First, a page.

Two national park champions died recently: Thomas (“Tom”) Lewis on 25 April 2016, aged 94; Neville (“Nev”) Gare on 7 May 2016, aged 86.
Both Nev and Tom will be remembered for their pivotal contributions to nature conservation in NSW. I knew both men in the early stages of my national park career, and I couldn’t let their passing go without some personal reminiscences.
I met Nev in early 1970 when I transferred to Kosciuszko National Park from Sydney’s Ku-ring-gai Chase. He had been the Kosciuszko superintendent since 1959 and had a formidable reputation. I learnt ‘why’ at his funeral, when family and friends gave heart-felt eulogies.
Nev graduated with a forestry degree in 1952 and over the next 6 years worked in several forestry districts throughout NSW. However, he soon became disenchanted with forestry logging policy and began advocating for the protection of high value habitats. This did not endear him to the forestry hierarchy.
Nev solved his problem by successfully applying for the first superintendent position of the then Kosciusko State Park. I heard he had confrontations with cattle graziers, Snowy Mountains Authority engineers, and resort developers as he established a park presence in the mountains. Although Nev was a short in stature, he wasn’t short on passion when it came to defending Kosciuszko. Around the park in the 1960’s, he was referred to as ‘God’, a mark of respect, not omnipotence!
In 1966, Nev undertook a study tour of America’s national parks. The US National Parks Service was already 50 years old, while Australia had yet to establish even one state-based park’s service. There was much to see, hear, and learn, and Nev returned with armfuls of documents, one of which was to cause me some grief.
I recall that my first meeting with Nev was friendly, though his short-back- and-sides crew cut was at odds with my fashionably lengthy Beatles style. The response was swift – within a few days a memo (taken from a US Park Service manual!), had been circulated advising rangers of appropriate dress and appearance standards. God had spoken!
However, more importantly, was that Nev supported me carrying out research for a master’s degree during the 3 years I was based in Thredbo.
In 1971, Nev’s reign at Kosciuszko ended when he took up a posting in Papua New Guinea, helping to establish a park service as the country moved towards independence.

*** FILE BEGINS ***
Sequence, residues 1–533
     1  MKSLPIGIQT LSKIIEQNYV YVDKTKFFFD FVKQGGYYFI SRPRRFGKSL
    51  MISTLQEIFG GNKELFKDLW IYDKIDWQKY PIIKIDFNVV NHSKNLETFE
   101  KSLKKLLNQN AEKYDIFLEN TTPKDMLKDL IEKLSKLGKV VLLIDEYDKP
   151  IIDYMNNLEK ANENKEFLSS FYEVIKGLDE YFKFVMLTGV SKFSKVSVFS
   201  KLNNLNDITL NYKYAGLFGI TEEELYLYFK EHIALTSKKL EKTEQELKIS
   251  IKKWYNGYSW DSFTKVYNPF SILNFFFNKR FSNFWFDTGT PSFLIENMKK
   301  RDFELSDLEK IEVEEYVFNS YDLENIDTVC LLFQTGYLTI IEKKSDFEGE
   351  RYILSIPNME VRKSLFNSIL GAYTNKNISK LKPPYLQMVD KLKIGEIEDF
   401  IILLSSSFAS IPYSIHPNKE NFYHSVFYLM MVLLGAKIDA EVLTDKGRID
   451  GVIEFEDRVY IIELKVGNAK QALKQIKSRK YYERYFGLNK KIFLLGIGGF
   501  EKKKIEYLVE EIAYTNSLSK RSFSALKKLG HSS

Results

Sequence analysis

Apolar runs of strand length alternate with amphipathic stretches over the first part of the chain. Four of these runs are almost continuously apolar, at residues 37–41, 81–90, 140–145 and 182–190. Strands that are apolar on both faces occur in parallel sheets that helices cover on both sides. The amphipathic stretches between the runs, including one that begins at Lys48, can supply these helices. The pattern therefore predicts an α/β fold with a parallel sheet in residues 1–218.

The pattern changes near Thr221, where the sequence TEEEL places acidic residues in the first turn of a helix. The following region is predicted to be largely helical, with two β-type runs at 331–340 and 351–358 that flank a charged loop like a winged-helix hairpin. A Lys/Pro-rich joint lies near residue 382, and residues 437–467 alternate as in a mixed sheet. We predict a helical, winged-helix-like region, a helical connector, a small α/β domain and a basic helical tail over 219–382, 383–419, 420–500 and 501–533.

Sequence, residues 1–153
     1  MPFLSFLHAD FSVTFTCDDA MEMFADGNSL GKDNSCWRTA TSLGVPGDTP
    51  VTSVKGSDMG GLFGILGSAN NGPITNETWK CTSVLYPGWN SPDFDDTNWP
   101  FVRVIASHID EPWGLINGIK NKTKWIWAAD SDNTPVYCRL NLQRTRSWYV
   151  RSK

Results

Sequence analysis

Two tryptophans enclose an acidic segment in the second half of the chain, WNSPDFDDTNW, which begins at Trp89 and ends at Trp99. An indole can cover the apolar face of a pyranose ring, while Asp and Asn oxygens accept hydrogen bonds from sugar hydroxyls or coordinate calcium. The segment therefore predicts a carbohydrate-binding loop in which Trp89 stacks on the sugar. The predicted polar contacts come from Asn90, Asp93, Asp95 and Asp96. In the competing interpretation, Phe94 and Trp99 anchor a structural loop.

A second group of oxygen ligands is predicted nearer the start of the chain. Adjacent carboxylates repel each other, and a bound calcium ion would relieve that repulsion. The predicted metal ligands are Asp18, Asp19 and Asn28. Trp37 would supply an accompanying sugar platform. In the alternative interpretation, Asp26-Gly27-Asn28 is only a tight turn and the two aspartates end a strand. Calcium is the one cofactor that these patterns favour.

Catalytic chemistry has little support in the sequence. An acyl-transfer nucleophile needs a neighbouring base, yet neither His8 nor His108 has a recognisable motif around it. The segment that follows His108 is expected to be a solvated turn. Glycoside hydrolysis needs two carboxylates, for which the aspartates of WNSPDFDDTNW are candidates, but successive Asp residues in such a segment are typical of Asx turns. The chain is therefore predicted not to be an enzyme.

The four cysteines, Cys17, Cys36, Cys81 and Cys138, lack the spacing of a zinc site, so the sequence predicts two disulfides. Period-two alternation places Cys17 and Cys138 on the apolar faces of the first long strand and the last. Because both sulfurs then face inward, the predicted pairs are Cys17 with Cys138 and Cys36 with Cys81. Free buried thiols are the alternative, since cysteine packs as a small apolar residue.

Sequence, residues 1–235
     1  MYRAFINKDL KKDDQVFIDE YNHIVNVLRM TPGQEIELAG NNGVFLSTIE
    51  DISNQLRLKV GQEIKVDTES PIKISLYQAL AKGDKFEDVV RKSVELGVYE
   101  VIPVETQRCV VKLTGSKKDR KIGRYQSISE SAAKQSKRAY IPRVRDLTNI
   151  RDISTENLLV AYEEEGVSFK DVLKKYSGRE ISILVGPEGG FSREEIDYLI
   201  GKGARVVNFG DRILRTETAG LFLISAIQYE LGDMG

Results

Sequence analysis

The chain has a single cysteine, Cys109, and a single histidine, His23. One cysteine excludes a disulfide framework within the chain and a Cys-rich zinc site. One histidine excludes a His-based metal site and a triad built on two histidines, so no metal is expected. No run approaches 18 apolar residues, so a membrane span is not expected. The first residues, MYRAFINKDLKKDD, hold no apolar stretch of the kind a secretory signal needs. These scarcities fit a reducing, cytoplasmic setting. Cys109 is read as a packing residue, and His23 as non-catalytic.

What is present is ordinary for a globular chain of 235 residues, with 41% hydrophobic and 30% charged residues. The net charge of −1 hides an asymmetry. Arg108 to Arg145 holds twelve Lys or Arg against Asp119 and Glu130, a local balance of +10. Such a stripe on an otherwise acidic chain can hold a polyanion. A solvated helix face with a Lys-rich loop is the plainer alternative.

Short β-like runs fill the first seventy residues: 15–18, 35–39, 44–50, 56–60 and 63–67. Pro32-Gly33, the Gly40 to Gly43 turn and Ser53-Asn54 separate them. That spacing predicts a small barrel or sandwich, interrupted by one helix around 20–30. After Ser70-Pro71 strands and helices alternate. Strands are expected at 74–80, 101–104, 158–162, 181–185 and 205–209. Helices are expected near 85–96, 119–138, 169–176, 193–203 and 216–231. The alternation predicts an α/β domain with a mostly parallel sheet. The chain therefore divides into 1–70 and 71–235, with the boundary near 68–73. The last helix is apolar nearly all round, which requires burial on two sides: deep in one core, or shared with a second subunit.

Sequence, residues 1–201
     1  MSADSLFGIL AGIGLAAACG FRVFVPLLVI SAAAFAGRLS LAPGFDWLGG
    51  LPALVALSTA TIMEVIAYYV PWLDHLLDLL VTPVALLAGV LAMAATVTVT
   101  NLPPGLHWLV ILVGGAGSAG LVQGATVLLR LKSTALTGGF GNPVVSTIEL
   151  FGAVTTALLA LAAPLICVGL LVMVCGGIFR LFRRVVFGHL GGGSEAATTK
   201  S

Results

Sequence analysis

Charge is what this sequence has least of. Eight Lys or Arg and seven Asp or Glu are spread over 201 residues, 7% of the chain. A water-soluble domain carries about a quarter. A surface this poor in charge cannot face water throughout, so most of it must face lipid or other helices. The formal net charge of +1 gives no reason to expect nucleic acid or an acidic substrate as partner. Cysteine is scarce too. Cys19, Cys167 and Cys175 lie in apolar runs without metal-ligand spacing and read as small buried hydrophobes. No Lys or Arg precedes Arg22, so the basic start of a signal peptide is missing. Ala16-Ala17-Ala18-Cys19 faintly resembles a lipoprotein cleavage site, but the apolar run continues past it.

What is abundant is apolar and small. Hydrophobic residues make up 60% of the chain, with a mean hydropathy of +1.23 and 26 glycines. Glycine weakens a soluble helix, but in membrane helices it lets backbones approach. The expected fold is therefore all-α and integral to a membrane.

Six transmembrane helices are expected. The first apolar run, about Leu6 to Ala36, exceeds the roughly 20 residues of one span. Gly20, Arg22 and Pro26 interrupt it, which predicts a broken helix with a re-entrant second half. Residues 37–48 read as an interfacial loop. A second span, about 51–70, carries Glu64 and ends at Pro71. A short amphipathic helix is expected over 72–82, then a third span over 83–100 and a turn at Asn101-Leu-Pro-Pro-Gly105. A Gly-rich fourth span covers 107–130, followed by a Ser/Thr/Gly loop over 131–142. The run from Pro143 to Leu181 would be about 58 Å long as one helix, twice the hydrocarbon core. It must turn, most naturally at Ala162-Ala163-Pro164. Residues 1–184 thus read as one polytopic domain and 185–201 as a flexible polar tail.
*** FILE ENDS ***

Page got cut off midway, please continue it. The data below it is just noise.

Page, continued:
Nev remained a mountain man in retirement, with regular visits to the high country. He gave freely of his knowledge and wisdom to those who followed him in being stewards of this great national park.
In December, 1974, I was to transfer to Sturt National Park, near Tibooburra, in the north-west corner of the state. However, before I headed west, I was to become aware of the political consequences of my pending move. I was summoned to Sydney to meet Tom Lewis, then Minister for Lands (and hence national parks). Sturt was the minister’s favourite park, in part due to his affection for the arid zone, but also due to a family connection with Charles Sturt’s 1844/45 expedition. Tom Lewis’ forebear, William Lewis, was to sail the expedition’s boat should they encounter an inland sea.
Tom was the driving force behind the creation of the 310,000 ha arid zone area, and he wanted to meet the new ranger who would be managing ‘his’ park. He made it very clear that maintaining the Mount Wood homestead lawns and gardens was one of his (and hence my) top priorities!
We met several times during my time out west, as every 6 months or so, Tom (a pilot) would fly in with a planeload of mates – pollies, journos, photographers, etc. He was always on the lookout to promote his outback park.
Tom’s most memorable visit coincided with the annual Tibooburra Hospital ball, the event on the local social calendar. Country folk travelled hundreds of miles to attend the festive occasion – station hands, shearers, governesses, rangers, shopkeepers, etc. The CWA hall was bursting with colourful balloons and streamers, while the Boiled Lollies – who had travelled 550 km from Enngonia to perform – kept the hall rocking till the wee small hours.
Among Tom’s entourage was David McNicoll, editor-in-chief of the Bulletin magazine. We all put on our dancing shoes and joined the revellers; a wonderful time was had by all. Tom and his planeload of travellers then visited several other locations on their 8-day outback adventure.
Not long after, David published a piece in the Bulletin, titled ‘New deal for Australia’s wildlife’, describing the conservation benefits of protecting large tracts of arid country. Separate to the main story, he wrote about the hospital ball, under the heading ‘Last tango in Tibooburra’ – it was a wonderful account of a memorable night.
I revisited Sturt in 2004. The local ranger told me that Tom was still visiting ‘his’ park.
Nev and Tom
Nev and Tom knew each other. From what I heard, there was mutual respect, maybe friendship, of the public servant-politician kind.
Tom became Minister for Lands in 1965. Nev’s US study tour was in 1966. Tom visited Kosciuszko National Park, and was impressed with Nev’s management approach; he discussed the US National Parks Service with Nev after his study tour. These discussions helped shape the National Parks and Wildlife Service, which Tom established in 1967.
Nev wrote a book about his time as Kosciuszko superintendent; Tom wrote the introduction. Hopefully, one day, the book will be published.
Vale Tom, Vale Nev – two national park champions.